9 More Funeral Director Secrets

Funeral directors from across the country share more money-saving secrets.

By Michelle Crouch

1. Sure, you can store ashes in an urn or scatter them somewhere special, but nowadays you can also have them crushed into a real diamond, integrated into an underwater coral reef, or blasted into space.

2. It’s usually less expensive if the body is not present for the funeral.

3. If the deceased’s favorite outfit is a size too small or a size too big, bring it to us anyway. Part of our job is making the clothes lie perfectly.

4. If I ask you for a photograph of the deceased to help me prepare the body, I don’t mean her honeymoon picture from decades ago.

5. That may be real gold in your loved one’s dental fillings or crowns, but don’t ask me to remove them for you.

6. You don’t need to spend money to have a meaningful service. Consider a potluck at the widow’s home or an informal ceremony at a favorite park, and ask survivors to tell stories or read poetry.

7. Never trust a funeral director who says, “This is the last thing you can do for your loved one.”

8. Always bring another person when you meet with me, ideally someone who’s not as emotionally attached to the deceased.

9. It might be wise to check out just who owns your local funeral home. Corporate chains have bought out hundreds of family-owned funeral homes in recent years, but they often keep the original name, appearance, and even some employees after a buyout. The one thing they usually do change? The prices.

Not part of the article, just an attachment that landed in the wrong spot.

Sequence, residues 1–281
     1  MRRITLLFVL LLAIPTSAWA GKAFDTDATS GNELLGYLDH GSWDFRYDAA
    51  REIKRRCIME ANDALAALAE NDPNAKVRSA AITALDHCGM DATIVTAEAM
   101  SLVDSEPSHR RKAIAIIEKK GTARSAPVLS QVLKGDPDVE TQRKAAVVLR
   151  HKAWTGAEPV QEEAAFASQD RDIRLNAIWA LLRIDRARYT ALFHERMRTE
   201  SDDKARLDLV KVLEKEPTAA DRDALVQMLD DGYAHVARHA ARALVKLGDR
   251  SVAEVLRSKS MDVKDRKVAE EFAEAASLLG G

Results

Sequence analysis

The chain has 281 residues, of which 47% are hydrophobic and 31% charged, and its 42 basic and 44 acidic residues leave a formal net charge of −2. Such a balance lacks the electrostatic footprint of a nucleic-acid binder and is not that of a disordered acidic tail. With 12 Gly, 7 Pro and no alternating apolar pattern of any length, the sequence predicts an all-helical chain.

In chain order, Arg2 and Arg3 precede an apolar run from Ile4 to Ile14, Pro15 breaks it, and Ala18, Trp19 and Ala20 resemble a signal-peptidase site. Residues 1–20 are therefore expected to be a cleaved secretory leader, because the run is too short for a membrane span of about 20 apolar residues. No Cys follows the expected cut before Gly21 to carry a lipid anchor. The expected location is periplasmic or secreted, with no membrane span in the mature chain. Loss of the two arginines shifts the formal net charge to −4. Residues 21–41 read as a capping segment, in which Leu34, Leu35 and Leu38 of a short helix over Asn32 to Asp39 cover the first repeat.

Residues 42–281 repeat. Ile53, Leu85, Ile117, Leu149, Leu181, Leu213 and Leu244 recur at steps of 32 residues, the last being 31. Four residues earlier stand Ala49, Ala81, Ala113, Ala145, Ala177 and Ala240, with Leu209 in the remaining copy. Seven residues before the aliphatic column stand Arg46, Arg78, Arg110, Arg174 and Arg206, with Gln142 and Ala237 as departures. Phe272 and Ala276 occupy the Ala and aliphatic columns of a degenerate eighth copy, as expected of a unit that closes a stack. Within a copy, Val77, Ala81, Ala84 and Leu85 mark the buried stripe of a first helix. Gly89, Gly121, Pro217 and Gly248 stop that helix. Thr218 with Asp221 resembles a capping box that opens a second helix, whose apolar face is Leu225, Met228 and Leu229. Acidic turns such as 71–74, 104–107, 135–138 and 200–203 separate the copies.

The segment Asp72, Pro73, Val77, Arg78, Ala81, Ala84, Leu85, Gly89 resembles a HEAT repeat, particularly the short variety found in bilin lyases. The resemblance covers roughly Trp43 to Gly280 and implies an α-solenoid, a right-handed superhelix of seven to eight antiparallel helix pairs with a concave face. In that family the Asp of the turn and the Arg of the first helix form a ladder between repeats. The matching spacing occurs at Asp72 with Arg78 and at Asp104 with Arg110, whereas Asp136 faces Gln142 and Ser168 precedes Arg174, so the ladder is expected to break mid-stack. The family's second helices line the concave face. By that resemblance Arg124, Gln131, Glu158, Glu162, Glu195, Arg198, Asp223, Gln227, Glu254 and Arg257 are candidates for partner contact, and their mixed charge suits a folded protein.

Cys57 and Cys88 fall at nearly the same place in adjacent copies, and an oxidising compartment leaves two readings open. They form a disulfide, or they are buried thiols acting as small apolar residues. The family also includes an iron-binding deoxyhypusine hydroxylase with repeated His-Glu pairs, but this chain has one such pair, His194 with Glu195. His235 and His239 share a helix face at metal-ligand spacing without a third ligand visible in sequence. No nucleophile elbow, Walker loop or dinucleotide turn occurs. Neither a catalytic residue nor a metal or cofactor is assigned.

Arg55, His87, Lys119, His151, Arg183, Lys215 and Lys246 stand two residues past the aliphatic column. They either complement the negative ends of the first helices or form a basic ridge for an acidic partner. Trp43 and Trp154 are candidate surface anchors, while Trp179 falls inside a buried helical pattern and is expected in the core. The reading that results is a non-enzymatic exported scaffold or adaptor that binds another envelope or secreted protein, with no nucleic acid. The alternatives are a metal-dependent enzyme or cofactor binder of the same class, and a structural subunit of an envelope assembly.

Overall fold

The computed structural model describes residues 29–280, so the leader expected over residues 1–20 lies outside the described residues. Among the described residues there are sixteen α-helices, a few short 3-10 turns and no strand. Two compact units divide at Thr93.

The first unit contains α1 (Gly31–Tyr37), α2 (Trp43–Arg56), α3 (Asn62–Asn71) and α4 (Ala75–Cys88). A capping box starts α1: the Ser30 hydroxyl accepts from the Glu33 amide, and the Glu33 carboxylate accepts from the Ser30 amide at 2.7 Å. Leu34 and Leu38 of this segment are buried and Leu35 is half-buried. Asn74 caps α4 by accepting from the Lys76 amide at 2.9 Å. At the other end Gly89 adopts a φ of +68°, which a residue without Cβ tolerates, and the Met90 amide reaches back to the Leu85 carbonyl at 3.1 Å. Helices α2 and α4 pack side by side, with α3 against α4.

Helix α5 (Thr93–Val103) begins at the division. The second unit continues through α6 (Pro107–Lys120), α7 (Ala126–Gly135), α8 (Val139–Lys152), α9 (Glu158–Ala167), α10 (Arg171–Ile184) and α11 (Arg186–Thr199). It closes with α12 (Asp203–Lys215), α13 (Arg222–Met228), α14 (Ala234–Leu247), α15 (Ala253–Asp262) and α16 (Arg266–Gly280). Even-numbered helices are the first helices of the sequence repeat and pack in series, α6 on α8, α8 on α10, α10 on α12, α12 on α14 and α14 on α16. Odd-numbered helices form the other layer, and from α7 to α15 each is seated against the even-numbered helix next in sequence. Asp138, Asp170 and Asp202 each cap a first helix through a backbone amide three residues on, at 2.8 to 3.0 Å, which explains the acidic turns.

See the full list: 13 Things the Funeral Director Won’t Tell You

Sources: Funeral directors in Illinois, New Jersey, Tennessee, and Washington; funerals.org; and Joshua Slocum, executive director of the Funeral Consumers Alliance and coauthor of Final Rights: Reclaiming the American Way of Death.

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  • Your Comments

    • Ptcworkman

      I use to work at a funeral home as a office manager, I have seen it all….most people don’t know is that on the price list there is package deals…ranging from low to high. the higher the package the funeral director sell’s you, the larger bonus he or she get’s and the funeral home if it is corp owned really tracks this on a weekly audit. If a funeral director does not meet goals, or a set package limit they can be fired. I have seen so many families taken advanaged of, one of the many reason I left the funeral business….stick with family owned funeral homes….avoid corp owned funeral homes, or know up front what you want and tell the funeral director fromt he get go, this is what I have to spend, and what can you do for me.

    • SweetyPi

      This is not a secret, I have known this for years as I have performed cosmetic services in funeral homes throughout my state.  I have no problem sharing information with people, however people are often coerced more by family members than a funeral establishment to spend more money.

    • bowne002

      If anyone has read “Final Rights” it’s pretty clear the authors, one of whom put this list together, have an agenda that ignores many current practices and cherry picks from a handful of worse case scenarios.  The tone is ignorantly aggressive and, lets face it, these folks are no Mitford. (Who, by the way, in the end had a huge and expensive memorial service.) It’s disappointing that funeral directors are still seen as creepy, greedy villains from some melodrama, wringing their hands and plotting ways to take advantage of the bereaved. It’s just not the case. There maybe a few bad apples but in general, most funeral directors consider their job a calling. The work they do is very dear to them and they are grateful for it.